To study the kinds of legal problems that arise in relation to commercial transactions between businesses established in different States, specifically from the ‘transnational’ nature of such transactions, and some of the legal solutions characteristically adopted by legal systems with emphasis on English, European, the Commonwealth and the United States legal systems.
To study the general principles of public and private international law that that are applicable to international business transactions.
To critically examine current trends and developments in the regulation of international business transactions particularly in relation to emerging markets.
To generate interest in the subject for its own sake and to develop basic expertise in the subject for those intending to practise law, work for governments, businesses and international agencies.
Conduct independent research which informs a sustained and complex argument.
Present complex arguments both orally and in writing.
Appreciate that juridical problems can only be fully understood through interdisciplinary research methods
Use electronic data bases for original legal research – e.g. carry out online, subject specific journal searches.
Respond constructively to feedback
To make proper use of the library resources by way of law reports, articles and monographs and textbooks.
A synopsis of the curriculum
This module will examine the legal problems that arise in commercial transactions between businesses established in different States. The module will concentrate specifically on the ‘transnational’ nature of such transactions, and some of the legal solutions characteristically adopted by legal systems with emphasis on International, English or the US system or, where appropriate, legal rules and materials of other jurisdictions by way of illustration. The module will also cover the unique features of current transnational business transactions such as Mergers and Acquisition, Franchising and the increasing influence of certain developing states, such as India, South Africa, Nigeria and China.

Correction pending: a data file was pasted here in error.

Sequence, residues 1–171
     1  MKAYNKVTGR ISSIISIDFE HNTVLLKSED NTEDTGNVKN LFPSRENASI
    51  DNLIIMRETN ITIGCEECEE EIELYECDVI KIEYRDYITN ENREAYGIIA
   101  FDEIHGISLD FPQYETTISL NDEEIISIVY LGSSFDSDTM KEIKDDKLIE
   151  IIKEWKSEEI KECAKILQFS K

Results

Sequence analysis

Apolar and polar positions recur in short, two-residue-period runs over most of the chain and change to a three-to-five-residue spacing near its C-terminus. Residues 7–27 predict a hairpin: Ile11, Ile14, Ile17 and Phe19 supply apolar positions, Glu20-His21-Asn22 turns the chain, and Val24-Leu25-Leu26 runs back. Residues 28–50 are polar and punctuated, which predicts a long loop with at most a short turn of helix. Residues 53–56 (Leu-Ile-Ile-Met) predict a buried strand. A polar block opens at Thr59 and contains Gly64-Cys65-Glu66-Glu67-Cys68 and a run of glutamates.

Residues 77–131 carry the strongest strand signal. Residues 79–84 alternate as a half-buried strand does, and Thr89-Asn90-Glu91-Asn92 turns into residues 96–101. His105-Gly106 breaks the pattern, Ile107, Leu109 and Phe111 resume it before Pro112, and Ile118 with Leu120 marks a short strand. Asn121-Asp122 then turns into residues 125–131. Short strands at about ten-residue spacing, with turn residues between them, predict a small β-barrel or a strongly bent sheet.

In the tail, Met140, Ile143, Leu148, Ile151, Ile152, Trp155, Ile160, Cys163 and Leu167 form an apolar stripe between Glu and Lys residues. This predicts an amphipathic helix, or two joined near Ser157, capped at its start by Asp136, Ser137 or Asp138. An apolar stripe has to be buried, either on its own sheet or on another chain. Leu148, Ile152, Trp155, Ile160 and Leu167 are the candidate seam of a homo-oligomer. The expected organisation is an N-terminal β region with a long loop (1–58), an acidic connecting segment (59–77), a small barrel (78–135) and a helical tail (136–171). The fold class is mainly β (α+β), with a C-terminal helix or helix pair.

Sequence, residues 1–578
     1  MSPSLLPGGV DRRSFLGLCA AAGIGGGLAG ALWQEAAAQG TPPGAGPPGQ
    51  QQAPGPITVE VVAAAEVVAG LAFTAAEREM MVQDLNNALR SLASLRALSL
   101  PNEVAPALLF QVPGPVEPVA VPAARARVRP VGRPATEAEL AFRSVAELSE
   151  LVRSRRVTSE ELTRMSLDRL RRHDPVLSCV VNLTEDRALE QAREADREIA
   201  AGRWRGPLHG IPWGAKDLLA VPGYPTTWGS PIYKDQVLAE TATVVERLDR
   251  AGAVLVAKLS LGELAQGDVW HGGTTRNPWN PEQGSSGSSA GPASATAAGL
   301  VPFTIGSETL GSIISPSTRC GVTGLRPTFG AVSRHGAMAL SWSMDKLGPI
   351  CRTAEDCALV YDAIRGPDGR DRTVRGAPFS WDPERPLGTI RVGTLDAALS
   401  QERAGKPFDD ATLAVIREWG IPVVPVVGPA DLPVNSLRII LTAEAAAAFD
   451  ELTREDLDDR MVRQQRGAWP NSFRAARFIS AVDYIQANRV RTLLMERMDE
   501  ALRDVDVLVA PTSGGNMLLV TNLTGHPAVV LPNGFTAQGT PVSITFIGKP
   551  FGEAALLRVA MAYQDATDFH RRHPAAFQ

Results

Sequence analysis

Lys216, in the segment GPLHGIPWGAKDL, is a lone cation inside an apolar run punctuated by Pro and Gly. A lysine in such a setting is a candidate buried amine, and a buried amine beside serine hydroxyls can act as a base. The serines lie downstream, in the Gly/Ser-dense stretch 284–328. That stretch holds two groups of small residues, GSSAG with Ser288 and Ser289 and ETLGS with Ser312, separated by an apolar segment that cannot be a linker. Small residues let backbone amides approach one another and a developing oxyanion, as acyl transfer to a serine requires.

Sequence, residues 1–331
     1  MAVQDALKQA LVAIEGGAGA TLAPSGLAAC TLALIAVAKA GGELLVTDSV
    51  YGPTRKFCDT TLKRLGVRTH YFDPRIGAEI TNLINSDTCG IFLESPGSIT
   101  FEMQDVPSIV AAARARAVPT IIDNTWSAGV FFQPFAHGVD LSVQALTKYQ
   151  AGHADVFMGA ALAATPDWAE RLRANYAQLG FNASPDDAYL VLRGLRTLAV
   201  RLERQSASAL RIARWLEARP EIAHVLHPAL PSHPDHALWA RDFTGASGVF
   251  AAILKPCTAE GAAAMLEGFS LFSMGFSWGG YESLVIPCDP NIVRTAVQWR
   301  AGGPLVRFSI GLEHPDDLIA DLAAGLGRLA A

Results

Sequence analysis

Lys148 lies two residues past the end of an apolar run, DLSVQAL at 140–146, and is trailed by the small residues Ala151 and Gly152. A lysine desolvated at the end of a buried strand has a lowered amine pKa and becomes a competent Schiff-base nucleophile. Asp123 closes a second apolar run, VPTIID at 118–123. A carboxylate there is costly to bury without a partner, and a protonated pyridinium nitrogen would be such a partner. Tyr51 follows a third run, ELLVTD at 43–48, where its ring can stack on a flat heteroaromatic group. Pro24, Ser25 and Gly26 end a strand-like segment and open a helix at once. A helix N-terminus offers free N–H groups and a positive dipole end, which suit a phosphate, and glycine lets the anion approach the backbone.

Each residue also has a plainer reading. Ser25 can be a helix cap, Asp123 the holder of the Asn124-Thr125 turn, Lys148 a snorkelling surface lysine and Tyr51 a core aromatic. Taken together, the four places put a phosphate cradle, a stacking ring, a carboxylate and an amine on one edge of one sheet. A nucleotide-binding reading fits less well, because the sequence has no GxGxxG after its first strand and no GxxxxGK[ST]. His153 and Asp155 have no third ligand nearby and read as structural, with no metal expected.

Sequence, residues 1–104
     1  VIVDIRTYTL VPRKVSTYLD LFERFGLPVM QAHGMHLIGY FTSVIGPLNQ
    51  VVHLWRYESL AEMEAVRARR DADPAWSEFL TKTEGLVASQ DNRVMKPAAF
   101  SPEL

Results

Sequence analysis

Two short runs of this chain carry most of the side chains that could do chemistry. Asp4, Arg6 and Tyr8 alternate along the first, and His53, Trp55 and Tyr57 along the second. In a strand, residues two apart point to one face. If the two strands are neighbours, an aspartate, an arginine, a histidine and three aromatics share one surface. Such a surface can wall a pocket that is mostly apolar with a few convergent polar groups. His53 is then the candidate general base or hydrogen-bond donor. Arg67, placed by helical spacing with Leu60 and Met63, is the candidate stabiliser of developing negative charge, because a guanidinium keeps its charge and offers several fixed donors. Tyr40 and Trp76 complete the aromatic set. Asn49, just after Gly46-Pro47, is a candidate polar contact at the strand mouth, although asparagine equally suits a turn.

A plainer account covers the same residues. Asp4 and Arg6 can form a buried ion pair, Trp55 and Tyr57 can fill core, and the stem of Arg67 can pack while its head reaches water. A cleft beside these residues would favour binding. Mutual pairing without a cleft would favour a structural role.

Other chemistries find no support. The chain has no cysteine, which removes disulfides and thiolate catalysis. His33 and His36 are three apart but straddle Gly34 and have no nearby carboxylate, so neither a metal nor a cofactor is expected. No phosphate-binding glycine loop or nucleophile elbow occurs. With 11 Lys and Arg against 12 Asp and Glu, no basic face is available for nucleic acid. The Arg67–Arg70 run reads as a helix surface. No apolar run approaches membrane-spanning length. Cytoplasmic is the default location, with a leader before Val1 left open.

Indicative Outline of Course
1. The Province of International Business Transactions Defined: Content, Scope and Intersections with International Legal Studies.
2. The ‘Reimaginarium’ of Lex Mercatoria – Challenging the common assumptions relating to Sources and contents of the so-called Lex Mercatoria Principles.
3. INCOTERMS in 2010; Developments in the Law, Jargon and Practice of International Standardisation of Trade Terms / INCOTERMS.
ADR in International Commercial Dispute Resolution.
International Commercial Arbitration and Litigation; Arbitration – Problems with enforcement, Conventions. Special Emphasis on the resolution of conflicts between parties in the developed and developing states (Africa, India and China).
Competition law and International Mergers and Acquisition: A comparative view.
Tracing Stolen Funds: International Corruption and the Bribery of Foreign Officials.
Aspects of the Law and Practice of International Finance and the Financing of International Trade.
Schmitthoff’s Export Trade: The Law and Practice of International Trade) by Leo D’Arcy, Carole Murray and Barbara Cleave, 12th ed Sweet & Maxwell, London, 2012.
J.C.T. Chuah, Law of International Trade, Sweet & Maxwell, 5th edition 2013.
Indira Carr, International Trade Law, 5th edition London: Cavendish (2014);
Miriam Goldby, Indira Carr, International Trade Law Statutes and Conventions 2011-2013, Routledge.
Module Booklet (With Articles and materials to read).